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US scientist Stewart Nozette charged with trying to sell secrets to Israel

Stewart Nozette, a scientist who worked for NASA and had a top-level government security clearance, is charged with trying to sell US secrets to Israel after an FBI sting operation.

By Ilene R. PrusherStaff writer of The Christian Science Monitor / October 20, 2009

This December 3, 1996 file photo shows US scientist Stewart Nozette, then of the Lawrence Livermore Laboratory, during a press briefing at the Pentagon.




Israeli officials declined to comment Tuesday on the arrest of US scientist Stewart David Nozette on espionage charges.

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According to an FBI criminal complaint, Mr. Nozette was passing classified information to agents he believed were working for the Mossad, Israel's intelligence agency, but were really undercover US officers. He was arrested on Monday.

The complaint does not accuse him of spying for Israel, but it did reveal that Nozette believed he had already been working for Mossad through a front organization in the past. According to the document, he told an undercover agent whom he believed to be from Mossad, "I thought I was working for you already. I mean, that's what I always thought. [The foreign company] was just a front."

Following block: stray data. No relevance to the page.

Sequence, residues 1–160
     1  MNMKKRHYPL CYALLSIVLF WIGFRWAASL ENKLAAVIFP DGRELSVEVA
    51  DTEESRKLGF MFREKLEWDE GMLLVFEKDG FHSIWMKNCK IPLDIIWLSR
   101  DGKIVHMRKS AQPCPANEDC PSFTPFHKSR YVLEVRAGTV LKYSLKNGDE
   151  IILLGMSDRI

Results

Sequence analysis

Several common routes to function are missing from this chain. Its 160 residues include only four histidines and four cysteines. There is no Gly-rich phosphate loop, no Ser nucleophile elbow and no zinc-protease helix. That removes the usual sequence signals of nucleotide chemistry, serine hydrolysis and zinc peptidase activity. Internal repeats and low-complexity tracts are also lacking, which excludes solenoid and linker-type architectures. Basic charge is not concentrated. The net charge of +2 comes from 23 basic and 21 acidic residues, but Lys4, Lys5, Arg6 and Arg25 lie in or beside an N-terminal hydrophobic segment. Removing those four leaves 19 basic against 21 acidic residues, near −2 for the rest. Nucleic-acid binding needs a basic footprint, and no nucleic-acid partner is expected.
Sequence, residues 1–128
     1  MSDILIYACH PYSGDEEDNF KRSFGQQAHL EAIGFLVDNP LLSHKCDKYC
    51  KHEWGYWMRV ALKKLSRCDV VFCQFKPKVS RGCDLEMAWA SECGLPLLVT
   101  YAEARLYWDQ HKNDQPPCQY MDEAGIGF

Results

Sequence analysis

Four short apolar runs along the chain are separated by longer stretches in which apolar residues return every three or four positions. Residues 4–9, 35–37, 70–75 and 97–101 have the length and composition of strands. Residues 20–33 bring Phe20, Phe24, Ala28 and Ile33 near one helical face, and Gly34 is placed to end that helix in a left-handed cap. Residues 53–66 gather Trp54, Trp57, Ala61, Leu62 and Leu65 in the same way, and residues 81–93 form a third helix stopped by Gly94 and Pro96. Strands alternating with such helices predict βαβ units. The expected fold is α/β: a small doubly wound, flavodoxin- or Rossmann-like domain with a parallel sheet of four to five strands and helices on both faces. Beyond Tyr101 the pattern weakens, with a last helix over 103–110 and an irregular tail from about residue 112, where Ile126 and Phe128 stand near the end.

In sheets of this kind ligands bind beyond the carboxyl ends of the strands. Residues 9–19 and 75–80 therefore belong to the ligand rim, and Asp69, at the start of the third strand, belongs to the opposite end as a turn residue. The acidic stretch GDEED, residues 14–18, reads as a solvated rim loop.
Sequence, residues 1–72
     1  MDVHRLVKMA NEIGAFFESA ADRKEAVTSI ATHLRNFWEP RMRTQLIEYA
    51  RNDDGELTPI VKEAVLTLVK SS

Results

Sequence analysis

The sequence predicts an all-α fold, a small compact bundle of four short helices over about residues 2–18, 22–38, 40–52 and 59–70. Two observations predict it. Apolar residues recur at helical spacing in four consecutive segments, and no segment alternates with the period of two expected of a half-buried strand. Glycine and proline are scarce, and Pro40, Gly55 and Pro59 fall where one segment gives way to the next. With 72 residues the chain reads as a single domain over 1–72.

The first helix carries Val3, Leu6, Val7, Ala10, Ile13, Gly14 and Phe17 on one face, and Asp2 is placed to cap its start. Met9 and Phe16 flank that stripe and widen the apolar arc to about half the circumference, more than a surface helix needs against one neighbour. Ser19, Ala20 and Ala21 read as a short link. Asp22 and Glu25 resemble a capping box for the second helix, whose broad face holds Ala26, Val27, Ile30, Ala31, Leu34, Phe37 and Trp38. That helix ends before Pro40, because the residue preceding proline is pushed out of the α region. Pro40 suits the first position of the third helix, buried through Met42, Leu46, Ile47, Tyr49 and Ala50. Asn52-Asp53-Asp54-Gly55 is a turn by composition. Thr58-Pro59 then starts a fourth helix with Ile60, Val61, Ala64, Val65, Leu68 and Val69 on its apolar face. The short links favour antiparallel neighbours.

That company has been identified in the Israeli press as Israel Aircraft Industries (IAI), which is owned by the Israeli government and is the country's largest aerospace and defense company.

From November 1998 through January 2008, Nozette worked as a technical consultant for IAI, answering questions posed by the company once a month in return for payments totaling about $225,000 over a decade.

Israeli officials said there was no reason to comment on the issue, pointing out that he hasn't been accused of spying for Israel. Israel Radio reported Tuesday that senior government officials said in response to the developments that Israel does not gather intelligence in or spy on friendly states.

Spying on friends?

The issue of whether Israel conducts espionage activities in the US has continued to be a sore point in relations between Jerusalem and Washington, however, and has been seized on in particular by US critics of what has been described as the "special relationship" between the US and Israel.

That tension is based on suspicion, not fact, says Yossi Melman, Israel's leading journalist on espionage and intelligence issues, who works for the left-leaning Haaretz newspaper.

"There is a very firm commitment and very strict instructions to all Israeli officials going to America which says, 'Don't even get close to something that would smell of collecting information,'" says Mr. Melman, author of Every Spy a Prince: The Complete History of Israel's Intelligence Community. But the FBI doesn't believe it, he adds. "There is a sense of deep suspicion in the department of FBI which deals with counter-espionage, especially when it comes to Israel."